-          International law and the treaty system are based on the principle of equality among states, which are parties to and enforcers of international agreements. The criminal conviction of a state for serious crimes would automatically weigh against the accused party, thereby causing an imbalance in relations and introducing unfairness to the international system.
-The sovereignty of states is a fundamental protection against aggression or undue interference by a foreign state or alliance of nation-states.
-          As argued by defense counsel Matthew Witbrodt, prosecution of and penalties imposed on a state would result in collective punishment of all of its citizens. (Since the Treaty of Versailles that ended World War I, the international community has tried to avoid forms of collective punishment, including heavy war reparations.)
 On the other side of the coin, total immunity for the state can encourage violations of international law by dictatorial, racist and/or bigoted regimes. The absence of legal challenge by foreign courts therefore leaves few legitimate means to pressure the offending state. The more “peaceful” methods include economic sanctions, which can be interpreted as a type of collective punishment against a victimized citizenry.
With no legal recourse to counter mass atrocities, other states then must launch interventions through extralegal and often illegal strategies of covert warfare,  proxy insurgencies or biased peacekeeping operations. The subsequent invasion and occupation by self-appointed saviors can be more harmful to the people, and to the principles of law, than the original violations of the offending regime.
Thus,  quoting its opinion upon the verdict, a “reason the Tribunal wishes to reject the doctrine of absolute state immunity from prosecution in matters of genocide, war crimes and crimes against humanity is that the existing international law on war and peace, and humanitarianism, is being enforced in a grossly inequitable manner. Small, weak nations, mostly in Africa and Asia , are periodically subjected to devastating sanctions, military interventions and regime changes. At the same time, unbearable atrocities and brutalities are inflicted on the military weak nations of Latin America, Africa and Asia by powerful nations in the North Atlantic and their allies go unscrutinized and unpunished.”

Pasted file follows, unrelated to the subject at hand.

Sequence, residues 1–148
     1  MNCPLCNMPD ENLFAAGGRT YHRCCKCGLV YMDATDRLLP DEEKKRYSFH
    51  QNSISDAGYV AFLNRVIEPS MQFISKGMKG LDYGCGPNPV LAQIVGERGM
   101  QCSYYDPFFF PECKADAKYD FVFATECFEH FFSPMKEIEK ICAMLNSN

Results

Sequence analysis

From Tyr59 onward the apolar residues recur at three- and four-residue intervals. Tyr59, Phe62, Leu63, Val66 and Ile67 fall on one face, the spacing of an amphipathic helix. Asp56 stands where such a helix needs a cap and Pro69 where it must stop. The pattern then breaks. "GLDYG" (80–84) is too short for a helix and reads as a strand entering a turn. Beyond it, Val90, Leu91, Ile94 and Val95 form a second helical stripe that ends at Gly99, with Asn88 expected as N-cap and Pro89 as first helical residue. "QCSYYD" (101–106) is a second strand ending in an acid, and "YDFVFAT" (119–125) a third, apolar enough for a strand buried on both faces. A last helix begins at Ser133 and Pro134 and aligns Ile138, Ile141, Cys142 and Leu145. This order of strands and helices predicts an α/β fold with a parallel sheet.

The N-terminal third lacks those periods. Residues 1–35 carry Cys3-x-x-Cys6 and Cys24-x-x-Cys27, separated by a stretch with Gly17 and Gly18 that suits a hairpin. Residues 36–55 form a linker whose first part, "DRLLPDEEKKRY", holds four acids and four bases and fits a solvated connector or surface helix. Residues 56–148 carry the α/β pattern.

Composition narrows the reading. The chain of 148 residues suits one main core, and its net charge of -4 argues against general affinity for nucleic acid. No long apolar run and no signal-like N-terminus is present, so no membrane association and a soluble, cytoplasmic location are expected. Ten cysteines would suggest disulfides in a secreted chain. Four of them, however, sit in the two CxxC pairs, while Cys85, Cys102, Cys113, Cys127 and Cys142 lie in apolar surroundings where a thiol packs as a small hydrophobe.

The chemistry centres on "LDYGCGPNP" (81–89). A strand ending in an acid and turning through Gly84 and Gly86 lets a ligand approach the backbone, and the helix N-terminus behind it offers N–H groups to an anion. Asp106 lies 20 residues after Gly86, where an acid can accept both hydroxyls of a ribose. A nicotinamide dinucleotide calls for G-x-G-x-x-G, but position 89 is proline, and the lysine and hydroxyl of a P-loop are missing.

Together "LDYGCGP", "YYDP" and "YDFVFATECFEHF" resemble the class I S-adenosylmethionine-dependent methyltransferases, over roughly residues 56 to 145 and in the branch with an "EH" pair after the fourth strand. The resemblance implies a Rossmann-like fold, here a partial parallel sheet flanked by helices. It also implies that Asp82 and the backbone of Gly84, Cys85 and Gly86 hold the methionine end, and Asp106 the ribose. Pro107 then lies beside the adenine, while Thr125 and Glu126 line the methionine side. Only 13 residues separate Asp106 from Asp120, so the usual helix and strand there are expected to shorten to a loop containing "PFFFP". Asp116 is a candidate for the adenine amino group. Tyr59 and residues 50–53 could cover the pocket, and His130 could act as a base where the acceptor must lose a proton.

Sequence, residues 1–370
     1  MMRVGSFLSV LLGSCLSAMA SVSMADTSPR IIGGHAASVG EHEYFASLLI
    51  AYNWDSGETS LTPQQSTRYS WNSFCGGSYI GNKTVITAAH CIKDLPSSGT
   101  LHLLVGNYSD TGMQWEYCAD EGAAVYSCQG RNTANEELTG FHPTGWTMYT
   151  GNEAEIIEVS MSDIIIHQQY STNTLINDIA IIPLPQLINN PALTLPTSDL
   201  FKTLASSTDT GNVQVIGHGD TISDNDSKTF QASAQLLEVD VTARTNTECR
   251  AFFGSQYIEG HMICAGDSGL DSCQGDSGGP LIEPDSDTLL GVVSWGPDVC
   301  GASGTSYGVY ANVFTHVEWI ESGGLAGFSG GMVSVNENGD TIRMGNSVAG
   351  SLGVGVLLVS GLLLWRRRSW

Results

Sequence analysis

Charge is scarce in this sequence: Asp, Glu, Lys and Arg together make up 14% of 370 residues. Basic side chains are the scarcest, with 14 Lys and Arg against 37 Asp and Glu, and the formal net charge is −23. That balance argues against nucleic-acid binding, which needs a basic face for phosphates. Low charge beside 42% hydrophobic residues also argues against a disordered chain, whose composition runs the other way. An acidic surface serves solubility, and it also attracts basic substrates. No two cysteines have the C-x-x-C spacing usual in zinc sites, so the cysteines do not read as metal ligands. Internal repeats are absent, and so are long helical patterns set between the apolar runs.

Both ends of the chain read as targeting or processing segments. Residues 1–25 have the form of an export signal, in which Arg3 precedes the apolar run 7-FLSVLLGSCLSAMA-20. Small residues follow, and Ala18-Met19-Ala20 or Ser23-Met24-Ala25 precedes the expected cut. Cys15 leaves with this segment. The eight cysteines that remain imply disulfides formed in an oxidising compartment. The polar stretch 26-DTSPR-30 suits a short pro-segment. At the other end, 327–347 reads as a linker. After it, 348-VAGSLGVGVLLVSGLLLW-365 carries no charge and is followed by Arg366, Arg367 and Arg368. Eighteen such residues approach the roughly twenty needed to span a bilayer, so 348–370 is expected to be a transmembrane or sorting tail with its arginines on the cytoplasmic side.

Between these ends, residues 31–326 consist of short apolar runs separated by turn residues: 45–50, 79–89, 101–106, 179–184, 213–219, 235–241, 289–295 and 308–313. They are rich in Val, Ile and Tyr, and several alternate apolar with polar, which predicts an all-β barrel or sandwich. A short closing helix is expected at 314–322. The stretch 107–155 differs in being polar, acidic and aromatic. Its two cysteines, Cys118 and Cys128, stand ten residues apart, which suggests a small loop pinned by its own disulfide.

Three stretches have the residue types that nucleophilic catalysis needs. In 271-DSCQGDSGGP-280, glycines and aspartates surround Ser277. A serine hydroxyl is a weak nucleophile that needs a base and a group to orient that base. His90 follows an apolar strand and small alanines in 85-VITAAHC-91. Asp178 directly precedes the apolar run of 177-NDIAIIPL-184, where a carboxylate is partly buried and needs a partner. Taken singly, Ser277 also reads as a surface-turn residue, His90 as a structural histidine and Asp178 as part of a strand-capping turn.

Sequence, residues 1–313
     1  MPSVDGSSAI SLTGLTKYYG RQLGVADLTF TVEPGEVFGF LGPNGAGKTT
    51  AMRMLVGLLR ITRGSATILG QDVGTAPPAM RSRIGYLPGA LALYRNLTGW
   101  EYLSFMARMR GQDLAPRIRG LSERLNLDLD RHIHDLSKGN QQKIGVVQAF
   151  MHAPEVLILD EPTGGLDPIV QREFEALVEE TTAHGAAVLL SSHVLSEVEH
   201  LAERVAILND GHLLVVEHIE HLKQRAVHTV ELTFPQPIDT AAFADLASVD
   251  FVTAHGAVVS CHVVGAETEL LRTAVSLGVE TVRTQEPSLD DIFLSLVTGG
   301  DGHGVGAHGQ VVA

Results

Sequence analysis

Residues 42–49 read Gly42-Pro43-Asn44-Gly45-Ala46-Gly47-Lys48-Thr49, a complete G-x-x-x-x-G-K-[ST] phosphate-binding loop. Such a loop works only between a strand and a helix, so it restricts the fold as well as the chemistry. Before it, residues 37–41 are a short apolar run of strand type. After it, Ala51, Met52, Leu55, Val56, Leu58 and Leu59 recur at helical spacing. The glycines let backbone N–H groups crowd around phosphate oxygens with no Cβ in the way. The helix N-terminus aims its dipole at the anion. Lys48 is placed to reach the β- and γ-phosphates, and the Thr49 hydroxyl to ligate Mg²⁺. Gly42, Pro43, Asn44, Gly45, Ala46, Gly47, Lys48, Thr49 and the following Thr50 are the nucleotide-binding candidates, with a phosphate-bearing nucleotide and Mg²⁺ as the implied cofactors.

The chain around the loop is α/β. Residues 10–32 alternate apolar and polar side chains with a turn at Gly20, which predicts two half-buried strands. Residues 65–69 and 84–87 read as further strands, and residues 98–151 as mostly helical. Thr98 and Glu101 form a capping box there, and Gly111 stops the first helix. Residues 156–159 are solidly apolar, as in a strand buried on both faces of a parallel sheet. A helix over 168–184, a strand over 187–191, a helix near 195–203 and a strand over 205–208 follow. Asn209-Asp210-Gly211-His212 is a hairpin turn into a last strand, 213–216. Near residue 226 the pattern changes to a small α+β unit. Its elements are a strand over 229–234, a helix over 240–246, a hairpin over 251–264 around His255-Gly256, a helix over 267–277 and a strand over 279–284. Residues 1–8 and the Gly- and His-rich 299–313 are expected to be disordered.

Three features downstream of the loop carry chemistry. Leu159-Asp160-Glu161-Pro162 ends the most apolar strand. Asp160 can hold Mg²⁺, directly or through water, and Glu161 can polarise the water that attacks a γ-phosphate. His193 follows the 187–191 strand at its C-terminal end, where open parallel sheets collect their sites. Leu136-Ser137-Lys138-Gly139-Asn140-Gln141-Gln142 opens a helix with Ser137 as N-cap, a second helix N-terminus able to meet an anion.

The alternative to the law of the jungle applied by self-appointed unilateral powers or coalitions of the willing is the reform of international law to balance sovereignty with the responsibility of the state for high crimes such as genocide.
Restricting Sovereignty
In its opinion on the ruling, the Tribunal therefore offered a rational method for limiting sovereignty in cases of gross crimes: “Where there is a conflict between two principles of law, the one hierarchically higher in importance should prevail. To our mind, the international law doctrine against impleading (suing) a foreign state, being lower than that that of the prohibition against genocide, resulted in the charge against the State of Israel.”